A new care centre will soon be opened by The Hospice of St Francis as it aims to reach out to an extra 1,500 people in the area.
The Northchurch-based charity already cares for around 1,000 people a year at its in-patient facilities and opened its final two beds last month, taking the total number of beds to 14.
But the new Spring Centre will enable it to reach an extra 1,500 people living with advanced illnesses across Herts and Beds in a more targeted way, according to hospice director Dr Ros Taylor.
The new facility will offer a more flexible service, giving help to more people at the earlier stages of their illnesses, as well as supporting carers and the bereaved.
It will offer a gym, physiotherapy, bereavement support, pony days for children facing loss, and complementary therapies including reflexology, aromatherapy and massage.
Dr Taylor said: “People are very afraid of hospices. They know they give good care, but do not really want to come anywhere near them.
“We’d like people to be a lot more at ease with their future and realise our hospice is a surprising place, and not a depressing or gloomy place. This is about giving them more confidence and independence.”
Experts will advise the ill on how to deal with specific conditions such as fatigue, breathlessness and pain that are associated with breast cancer, prostate cancer and other illnesses.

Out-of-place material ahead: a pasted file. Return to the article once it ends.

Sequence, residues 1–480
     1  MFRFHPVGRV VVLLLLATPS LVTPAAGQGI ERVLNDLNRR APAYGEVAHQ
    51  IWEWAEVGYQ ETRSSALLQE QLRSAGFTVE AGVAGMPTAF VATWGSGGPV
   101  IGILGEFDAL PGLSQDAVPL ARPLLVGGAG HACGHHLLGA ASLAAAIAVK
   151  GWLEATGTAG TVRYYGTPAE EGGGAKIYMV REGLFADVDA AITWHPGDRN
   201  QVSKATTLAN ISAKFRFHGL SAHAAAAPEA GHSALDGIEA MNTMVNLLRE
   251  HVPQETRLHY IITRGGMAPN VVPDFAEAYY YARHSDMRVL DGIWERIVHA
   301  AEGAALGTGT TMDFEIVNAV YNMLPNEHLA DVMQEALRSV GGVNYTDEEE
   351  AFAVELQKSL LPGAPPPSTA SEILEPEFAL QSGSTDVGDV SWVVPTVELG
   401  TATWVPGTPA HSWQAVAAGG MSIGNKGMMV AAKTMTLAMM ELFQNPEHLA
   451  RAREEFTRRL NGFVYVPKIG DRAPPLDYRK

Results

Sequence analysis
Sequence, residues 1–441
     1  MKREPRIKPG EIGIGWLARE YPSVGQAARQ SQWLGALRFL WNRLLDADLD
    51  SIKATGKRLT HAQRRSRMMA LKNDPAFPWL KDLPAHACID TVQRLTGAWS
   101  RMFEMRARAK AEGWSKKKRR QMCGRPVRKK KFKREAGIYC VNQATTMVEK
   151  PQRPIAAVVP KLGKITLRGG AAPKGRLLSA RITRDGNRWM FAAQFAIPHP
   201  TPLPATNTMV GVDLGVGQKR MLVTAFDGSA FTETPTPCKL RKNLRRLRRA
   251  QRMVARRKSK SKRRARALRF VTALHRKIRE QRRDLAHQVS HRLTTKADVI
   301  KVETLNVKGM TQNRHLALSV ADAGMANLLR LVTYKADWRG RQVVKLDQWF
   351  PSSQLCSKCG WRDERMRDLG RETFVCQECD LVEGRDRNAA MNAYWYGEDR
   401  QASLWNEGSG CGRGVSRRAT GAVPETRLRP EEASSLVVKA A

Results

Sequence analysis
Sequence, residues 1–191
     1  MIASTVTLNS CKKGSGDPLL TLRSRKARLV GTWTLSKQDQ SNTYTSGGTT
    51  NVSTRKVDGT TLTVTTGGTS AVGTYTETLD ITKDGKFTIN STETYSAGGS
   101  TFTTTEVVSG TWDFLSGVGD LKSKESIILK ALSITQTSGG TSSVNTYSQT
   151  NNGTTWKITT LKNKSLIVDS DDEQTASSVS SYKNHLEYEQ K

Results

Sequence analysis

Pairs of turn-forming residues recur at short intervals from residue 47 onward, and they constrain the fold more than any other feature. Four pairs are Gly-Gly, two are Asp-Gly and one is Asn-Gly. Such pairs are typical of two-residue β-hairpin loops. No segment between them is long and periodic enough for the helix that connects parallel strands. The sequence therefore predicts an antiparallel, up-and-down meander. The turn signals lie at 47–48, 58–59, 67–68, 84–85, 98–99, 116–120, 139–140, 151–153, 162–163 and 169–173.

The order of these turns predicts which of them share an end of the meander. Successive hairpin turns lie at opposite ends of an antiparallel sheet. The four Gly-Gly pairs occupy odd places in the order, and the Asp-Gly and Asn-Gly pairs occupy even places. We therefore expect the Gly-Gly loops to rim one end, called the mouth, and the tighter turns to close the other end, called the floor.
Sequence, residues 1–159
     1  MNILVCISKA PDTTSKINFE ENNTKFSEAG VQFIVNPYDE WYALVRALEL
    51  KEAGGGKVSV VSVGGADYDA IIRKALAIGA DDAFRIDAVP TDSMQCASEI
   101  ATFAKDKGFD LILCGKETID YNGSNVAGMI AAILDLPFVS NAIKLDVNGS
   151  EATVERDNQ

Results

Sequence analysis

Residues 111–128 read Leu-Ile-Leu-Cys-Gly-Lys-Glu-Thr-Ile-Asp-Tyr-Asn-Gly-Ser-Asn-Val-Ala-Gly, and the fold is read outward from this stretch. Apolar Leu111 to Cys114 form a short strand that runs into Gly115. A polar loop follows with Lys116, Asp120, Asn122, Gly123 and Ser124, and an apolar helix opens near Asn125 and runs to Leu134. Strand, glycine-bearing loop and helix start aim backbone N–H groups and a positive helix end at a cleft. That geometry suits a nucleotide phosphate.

But the centre will also become a community hub with a film night on the first Wednesday of each month and a coffee morning on the last Friday.
The new community choir meeting will meet there from 6pm to 8pm on all other Wednesdays, and there will be a gardening group.
The Spring Centre will be open for five days a week initially, but it is hoped that it will eventually stay open all week.
The charity previously ran a twice weekly walk-in service, which cost £140,000 a year to fund and cared for 40 patients a year, but it was shut two years ago due to a funding shortage.
Dr Taylor hopes the walk-in Spring Centre will reach 300 patients a year initially, eventually rising to 1,500.
It will cost £200,000 a year to fund, which will come largely from more than £1 million left to the hospice in three wills. But to keep the service open, Dr Taylor urged: “Funding is as vital now as it ever has been so please keep supporting us in any way you can.”
Find out more at www.stfrancis.org.uk/springcentre